6. Learn to Send a Professional Email
Parents, we think our high-achieving, bright students must know how to do this, but, like anything else, it is a learned skill. A professional email includes an informative subject line, a greeting, content written in complete sentences with English-class-approved punctuation and capitalization, appropriate closing, and student’s name. Especially now that we are staying at home, my son is sending more emails to his Scout leader. I’m always copied on these and can tell you it is a work in progress to meet the elements I just outlined. One email he forgets a subject line; the next needs editing and a closing, but by the time he is applying to college, he will have mastered this.
7. Find and USE a Calendar
Develop a calendar system that works for your student and have him or her USE IT. When my children were in elementary school, they were given an agenda for the year and their teachers made them write all assignments down. It was a good start, but there was no follow through in junior high or high school. Learning to track assignments, plan ahead to complete projects, and show up on time (online or in-person) is essential for future success. Again, we assume our high-achieving kids must know how to do this. Many are working from memory and will reach a point where they need to have a system in place.
Read. Read for fun. Read articles on non-fiction topics of interest. Read regularly. Just read. Students who read a variety of texts on a regular basis tend to develop better vocabularies and writing skills. Reading comprehension is one of the hardest things to teach in test prep, so if students can develop it early on, their scores will benefit.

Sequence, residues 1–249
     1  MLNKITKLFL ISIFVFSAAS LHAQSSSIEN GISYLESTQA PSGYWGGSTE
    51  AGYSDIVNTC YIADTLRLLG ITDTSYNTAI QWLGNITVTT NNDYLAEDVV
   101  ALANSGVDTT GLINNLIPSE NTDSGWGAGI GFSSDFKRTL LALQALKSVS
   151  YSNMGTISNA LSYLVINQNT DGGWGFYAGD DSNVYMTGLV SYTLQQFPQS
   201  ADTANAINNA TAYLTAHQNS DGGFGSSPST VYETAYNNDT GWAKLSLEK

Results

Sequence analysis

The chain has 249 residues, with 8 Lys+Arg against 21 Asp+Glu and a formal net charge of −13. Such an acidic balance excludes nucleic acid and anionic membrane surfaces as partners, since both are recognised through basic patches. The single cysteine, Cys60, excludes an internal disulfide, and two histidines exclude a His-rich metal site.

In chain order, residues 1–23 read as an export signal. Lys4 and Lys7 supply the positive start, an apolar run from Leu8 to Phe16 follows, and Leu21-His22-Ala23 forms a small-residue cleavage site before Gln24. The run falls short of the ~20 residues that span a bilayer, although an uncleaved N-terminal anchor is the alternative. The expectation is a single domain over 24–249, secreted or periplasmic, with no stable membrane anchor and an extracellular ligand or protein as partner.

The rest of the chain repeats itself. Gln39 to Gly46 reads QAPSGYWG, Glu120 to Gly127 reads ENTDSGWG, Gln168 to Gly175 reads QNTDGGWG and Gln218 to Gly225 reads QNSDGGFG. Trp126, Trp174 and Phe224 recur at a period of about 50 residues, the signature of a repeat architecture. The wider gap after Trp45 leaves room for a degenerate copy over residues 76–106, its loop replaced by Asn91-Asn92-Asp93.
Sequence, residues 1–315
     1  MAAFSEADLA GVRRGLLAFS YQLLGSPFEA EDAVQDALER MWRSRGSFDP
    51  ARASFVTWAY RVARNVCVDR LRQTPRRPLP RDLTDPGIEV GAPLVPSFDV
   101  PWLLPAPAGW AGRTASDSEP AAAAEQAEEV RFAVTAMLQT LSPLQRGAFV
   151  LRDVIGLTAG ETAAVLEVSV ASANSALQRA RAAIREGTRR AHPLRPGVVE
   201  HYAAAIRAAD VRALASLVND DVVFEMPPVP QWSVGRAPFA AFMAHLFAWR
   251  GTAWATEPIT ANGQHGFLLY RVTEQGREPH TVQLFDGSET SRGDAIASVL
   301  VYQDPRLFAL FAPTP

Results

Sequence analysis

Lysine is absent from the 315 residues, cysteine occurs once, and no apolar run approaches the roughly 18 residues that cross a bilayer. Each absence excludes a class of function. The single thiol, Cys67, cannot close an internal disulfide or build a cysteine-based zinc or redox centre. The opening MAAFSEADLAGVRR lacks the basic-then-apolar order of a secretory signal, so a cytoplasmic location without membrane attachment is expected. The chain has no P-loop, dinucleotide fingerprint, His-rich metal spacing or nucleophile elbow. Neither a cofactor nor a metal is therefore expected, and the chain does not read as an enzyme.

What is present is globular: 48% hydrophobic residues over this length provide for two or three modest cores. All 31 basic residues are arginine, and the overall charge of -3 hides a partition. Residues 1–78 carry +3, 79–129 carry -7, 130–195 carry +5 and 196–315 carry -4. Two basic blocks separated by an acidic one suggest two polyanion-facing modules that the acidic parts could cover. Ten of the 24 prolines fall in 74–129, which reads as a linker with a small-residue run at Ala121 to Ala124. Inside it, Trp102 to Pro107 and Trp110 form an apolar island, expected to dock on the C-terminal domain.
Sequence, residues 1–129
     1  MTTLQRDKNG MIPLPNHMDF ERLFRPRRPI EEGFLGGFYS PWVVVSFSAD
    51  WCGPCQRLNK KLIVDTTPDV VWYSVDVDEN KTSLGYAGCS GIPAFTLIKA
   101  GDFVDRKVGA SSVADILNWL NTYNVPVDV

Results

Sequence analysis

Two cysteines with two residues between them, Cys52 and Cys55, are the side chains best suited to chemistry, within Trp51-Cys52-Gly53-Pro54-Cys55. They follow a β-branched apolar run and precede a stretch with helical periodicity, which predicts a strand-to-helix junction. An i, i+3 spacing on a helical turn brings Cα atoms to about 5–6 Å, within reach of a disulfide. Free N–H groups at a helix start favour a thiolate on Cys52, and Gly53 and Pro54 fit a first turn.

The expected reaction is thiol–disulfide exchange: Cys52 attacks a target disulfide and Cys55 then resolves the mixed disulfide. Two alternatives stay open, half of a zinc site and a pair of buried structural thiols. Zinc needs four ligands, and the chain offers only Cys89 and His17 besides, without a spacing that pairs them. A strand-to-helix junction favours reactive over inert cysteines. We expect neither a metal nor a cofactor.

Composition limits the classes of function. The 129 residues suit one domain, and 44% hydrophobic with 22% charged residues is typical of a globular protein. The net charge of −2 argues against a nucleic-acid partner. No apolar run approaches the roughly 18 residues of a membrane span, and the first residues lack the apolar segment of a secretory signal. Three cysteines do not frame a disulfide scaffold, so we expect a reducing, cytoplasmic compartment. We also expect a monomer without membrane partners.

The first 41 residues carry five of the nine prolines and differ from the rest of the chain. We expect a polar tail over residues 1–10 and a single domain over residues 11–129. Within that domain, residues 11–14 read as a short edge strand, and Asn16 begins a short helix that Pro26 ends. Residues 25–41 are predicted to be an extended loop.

9. Get to Know Teachers (Especially in Core Academic Courses)
Take time to get to know at least a couple teachers each year. This is easy in the case of athletic coaches, theater directors, yearbook / newspaper sponsors, debate coaches, and other teachers that students spend time with for extracurricular activities. Taking a little time and effort to connect with at least one academic teacher each year can pay off. (By “academic teachers”, I mean teachers in math, English, science, history, and foreign language.) Students may find it easier to ask question or seek additional help when they have a connection with the teacher. All students benefit from having mentors or simply faculty and staff members willing to offer guidance. Finally, it is academic teachers who will write letters of recommendation for college.
10. Don’t Specialize Too Early
Don’t fall into the trap of trying to specialize too early. You will need four years of English, math, science, and history to be successful in your college classes. Saying you don’t need advanced math when you are in 11th
or 12 grade because you won’t need it for your college major can be shortsighted. (This tip came from my college freshman who has seen some high school friends struggle because they took an easy senior year schedule and regretted it. She also saw a lot of friends who went through high school loading up on business or engineering electives—in place of other core academic courses— only to change their majors after one semester.)
11. Focus on a Few Meaningful Activities